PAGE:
Despite the fact that blogging lends itself to insta-analysis couched in sharp opinions, I think the best analysis of the most difficult topics raises more questions than it does provide easy answers. That’s the case with Jeff Passan’s piece about Albert Pujols’ quick return to action after breaking a bone in his arm.
Which, though he and I usually disagree fairly sharply when the issue of PEDs come up, is a thoughtful take, particularly at the end where he asks himself if he’s being naive in not buying what some folks on the Internet are selling about what may have fueled Pujols’ quick return. And he offers this apt bit of insight:
Nearly every team tunes into MLB Network before a game, and the peanut galleries sitting on clubhouse couches deal in snark. I don’t know where it was or who it was, but I guarantee that when the news about Pujols’ return flashed across the screen, another player did one of those fake coughs to muffle the letters “HGH.” He is part of the problem.
I haven’t seen mainstream writers or bloggers accusing Pujols of anything. I have seen a few comments on blogs and tweets making those sorts of insinuations. And I have no doubt that Passan is right about some players questioning it too, if only in jest.
But even if there isn’t a critical mass of people looking askance at Pujols’ quick return, I find it rather depressing that we’re at a point where anyone thinks that is the most likely answer.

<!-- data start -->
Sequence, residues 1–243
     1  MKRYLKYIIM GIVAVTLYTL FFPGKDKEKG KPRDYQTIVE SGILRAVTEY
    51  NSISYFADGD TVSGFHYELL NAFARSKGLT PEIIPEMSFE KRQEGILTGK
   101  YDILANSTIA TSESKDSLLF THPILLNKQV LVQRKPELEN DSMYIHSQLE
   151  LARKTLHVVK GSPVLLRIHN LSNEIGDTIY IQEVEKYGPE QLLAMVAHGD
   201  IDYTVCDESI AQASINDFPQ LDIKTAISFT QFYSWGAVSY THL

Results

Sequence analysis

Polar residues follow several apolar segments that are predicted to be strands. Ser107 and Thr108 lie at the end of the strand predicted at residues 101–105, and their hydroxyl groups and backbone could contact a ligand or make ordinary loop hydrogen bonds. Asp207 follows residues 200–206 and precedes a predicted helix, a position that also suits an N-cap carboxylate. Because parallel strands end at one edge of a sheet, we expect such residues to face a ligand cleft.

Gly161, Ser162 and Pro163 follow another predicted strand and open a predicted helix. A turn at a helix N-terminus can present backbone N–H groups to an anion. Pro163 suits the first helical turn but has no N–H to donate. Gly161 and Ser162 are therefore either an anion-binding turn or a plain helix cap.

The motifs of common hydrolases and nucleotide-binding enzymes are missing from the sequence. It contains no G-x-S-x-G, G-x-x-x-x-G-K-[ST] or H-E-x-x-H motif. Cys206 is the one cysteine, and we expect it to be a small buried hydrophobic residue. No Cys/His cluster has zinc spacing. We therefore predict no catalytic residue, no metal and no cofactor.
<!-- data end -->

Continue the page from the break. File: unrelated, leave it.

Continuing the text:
The Astros remain in contact with the Athletics on starting pitcher Sonny Gray, Ken Rosenthal of FOX Sports reports. The Astros have added Charlie Morton this offseason, but the club has been trying to add a big-name starting pitcher to put at the top of the rotation behind Dallas Keuchel.
Gray, 27, was limited to 22 starts in the 2016 season due to a forearm issue. His stats left a lot to be desired, as he finished with a 5-11 record, a 5.69 ERA, and a 94/42 K/BB ratio over 117 innings. Considering how Gray pitched in the previous three years, he’s a good bet to bounce back.
Gray is under team control through 2019, which is a big draw for the Astros. Needless to say, the Athletics would want a haul in terms of prospects. Gray will earn $3.575 million in 2017, having avoided arbitration in his first year of eligibility.
As we noted last week, The Chicago Cubs took the unusual step of not waiting until the summer after winning the World Series to make their customary White House visit to meet the president. They did it today, seeing President Obama a few short days before he leaves office.
Despite the fact that Obama is a White Sox fan, he met the Cubs with diplomacy and grace. It’s almost as if he’s been in that business for the past eight years. In return, he was given some gifts by the Cubs: Theo Epstein presented Obama with a No. 44 Cubs jersey, a tile from the center field scoreboard at Wrigley Field, and a lifetime pass to Wrigley as well.
Obama is staying in D.C. after he leaves office this week, hanging around so his daughter can finish high school in the same place she started. Even so, he’s likely going to be back to Chicago a good bit over the rest of his life, so he’ll likely be able to put the free pass to work. Assuming it comes with, like, six companion passes for his Secret Service detail.